The film "Renewal" will likely appeal to just about everybody, because it addresses the way in which three major religions are incorporating environmental topics into their services. I could not find the whole video on the Internet. For clips, one can click here - http://video.google.com/videoplay?docid=8837700461738676590&ei=-6YQS_D0MYfCrQKjg9H0BA&q=renewal+sustainability&hl=en&view=2# or here http://www.youtube.com/watch?v=Rlsr32SqlOM.
I must admit that I was distracted by the sustainable meal that was being served during the film and did not catch much of what was said by the Muslims or Christians, but I was attentive to what was being done at the Teva Learning Center, which is a program that teaches Jewish children about sustainability. My mother is Jewish, and of any of the religions discussed, it is the one I would most likely want to practice.
Regarding the Jewish children, it was funny to me to see them at this camp for the environment. It almost made me wish I had been a part of something like that. I also thought it was funny because I used to go to a summer camp with a theme of Judaism, and it reminded me of that a little bit. Essentially, the counselors at Teva were trying to show the children their connection to nature and God. Thus they took them into forested areas and had them think critically and showed them awe-inspiring naturally sites, such as the cliff-scene from the first video clip I linked to above. Another practice that they incorporated was the "pishtolet," which was the collection of food waste after a meal and weighing it. I am not sure if that's how you spell the word, I checked here http://tevalearningcenter.org/ , which is the actual website of Teva, but to no avail. The goal of this activity, however, was to have as little waste as possible and make the students aware of how much food they take and throw away.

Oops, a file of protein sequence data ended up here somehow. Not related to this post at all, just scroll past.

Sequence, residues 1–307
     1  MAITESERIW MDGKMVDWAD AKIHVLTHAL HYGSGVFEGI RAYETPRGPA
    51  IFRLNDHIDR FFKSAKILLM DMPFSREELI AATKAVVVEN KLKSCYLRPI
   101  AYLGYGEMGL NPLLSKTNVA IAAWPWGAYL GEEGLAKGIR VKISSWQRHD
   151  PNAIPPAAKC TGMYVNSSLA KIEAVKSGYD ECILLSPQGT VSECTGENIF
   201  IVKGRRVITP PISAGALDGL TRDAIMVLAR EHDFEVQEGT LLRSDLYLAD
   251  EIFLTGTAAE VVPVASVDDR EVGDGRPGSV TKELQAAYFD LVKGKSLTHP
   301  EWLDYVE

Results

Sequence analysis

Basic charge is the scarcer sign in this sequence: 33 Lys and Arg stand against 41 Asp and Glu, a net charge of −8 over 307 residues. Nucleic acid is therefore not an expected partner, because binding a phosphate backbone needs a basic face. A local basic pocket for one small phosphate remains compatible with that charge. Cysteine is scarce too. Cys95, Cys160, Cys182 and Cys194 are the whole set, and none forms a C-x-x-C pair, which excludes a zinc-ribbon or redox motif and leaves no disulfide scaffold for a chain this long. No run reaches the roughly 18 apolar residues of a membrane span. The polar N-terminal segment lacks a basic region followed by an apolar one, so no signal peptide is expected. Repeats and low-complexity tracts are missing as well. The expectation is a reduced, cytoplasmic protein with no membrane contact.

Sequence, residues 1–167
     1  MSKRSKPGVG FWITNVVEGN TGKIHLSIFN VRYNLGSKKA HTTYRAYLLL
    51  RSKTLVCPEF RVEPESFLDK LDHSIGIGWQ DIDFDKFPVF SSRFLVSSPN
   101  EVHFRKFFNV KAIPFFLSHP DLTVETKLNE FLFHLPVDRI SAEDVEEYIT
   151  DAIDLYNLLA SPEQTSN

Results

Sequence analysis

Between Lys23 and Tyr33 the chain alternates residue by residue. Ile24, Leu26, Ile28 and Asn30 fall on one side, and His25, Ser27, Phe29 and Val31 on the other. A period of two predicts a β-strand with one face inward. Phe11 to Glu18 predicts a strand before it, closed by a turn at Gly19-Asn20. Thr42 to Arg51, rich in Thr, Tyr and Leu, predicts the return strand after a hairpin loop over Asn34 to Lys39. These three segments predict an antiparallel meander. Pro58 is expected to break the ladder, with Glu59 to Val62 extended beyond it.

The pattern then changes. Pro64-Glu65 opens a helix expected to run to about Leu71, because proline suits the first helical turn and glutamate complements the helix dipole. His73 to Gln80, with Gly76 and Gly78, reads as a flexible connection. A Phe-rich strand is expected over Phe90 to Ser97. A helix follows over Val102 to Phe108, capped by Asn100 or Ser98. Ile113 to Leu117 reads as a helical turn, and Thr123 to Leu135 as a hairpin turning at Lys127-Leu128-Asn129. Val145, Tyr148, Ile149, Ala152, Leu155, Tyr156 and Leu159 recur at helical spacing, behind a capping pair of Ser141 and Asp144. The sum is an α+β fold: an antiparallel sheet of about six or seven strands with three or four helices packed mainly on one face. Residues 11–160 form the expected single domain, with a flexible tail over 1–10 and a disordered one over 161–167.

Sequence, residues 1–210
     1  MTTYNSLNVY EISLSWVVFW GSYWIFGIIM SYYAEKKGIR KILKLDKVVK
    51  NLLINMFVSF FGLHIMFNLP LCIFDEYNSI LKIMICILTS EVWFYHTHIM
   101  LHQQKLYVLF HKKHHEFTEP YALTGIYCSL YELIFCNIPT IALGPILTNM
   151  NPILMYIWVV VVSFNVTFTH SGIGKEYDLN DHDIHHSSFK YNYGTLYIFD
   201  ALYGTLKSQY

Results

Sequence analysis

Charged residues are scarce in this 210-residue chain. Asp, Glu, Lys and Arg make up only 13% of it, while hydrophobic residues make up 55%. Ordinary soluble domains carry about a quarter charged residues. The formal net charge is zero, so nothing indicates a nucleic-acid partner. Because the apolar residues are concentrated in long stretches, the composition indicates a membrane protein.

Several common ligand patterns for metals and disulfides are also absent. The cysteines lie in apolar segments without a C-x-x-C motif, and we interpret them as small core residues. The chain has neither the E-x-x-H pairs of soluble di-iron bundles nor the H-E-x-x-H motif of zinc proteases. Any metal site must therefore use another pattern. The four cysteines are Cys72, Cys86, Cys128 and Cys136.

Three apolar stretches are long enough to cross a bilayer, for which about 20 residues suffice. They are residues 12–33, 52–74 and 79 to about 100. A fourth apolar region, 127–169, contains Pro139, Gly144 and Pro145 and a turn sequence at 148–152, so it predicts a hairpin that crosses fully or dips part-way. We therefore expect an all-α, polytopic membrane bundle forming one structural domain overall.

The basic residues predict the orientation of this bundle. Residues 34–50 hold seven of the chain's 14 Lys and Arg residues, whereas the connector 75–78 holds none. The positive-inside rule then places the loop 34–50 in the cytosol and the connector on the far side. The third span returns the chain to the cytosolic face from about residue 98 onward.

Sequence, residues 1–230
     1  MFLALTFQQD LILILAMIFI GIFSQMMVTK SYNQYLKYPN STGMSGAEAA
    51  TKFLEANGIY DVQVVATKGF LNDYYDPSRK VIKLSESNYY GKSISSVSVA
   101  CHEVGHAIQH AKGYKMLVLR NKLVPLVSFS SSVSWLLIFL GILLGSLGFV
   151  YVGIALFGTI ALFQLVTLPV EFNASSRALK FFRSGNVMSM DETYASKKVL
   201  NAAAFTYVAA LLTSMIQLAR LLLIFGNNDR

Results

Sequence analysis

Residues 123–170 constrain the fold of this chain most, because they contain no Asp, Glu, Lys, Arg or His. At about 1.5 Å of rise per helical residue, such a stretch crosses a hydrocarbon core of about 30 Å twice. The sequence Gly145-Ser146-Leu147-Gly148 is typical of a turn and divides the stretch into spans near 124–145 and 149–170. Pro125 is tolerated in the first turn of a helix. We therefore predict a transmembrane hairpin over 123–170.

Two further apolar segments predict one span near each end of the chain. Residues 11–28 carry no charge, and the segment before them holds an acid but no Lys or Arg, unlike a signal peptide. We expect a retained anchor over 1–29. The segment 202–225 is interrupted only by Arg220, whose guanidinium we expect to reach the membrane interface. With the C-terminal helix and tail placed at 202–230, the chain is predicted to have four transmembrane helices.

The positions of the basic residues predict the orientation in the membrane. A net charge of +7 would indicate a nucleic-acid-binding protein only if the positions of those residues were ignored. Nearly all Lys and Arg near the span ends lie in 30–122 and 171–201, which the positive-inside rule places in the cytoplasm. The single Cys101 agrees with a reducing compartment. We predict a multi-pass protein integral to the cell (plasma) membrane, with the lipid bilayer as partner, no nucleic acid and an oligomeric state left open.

After watching the film, the class also discussed the eating restrictions of Muslims and Jews, or Halal and Kosher, respectively. Kosher eating has always fascinated me, similar to Halal, Kosher laws involve killing animals in a way that is not harmful to them, and facing them in a sacred direction during the process. A holy man blesses the animal. Kosher also can apply to other foods beside meat, in which case I believe it involves blessing of the food and preparing it without additives and with a process that prevents any kind of contamination.
I am not a religious person, but I am glad that religions are becoming involved in protecting the environment and promoting sustainability. This at least will spread the message through an important medium. I am also fascinated by Judaism and am glad that it is incorporating these messages, and I see how nature is very relevant to Jewish practices.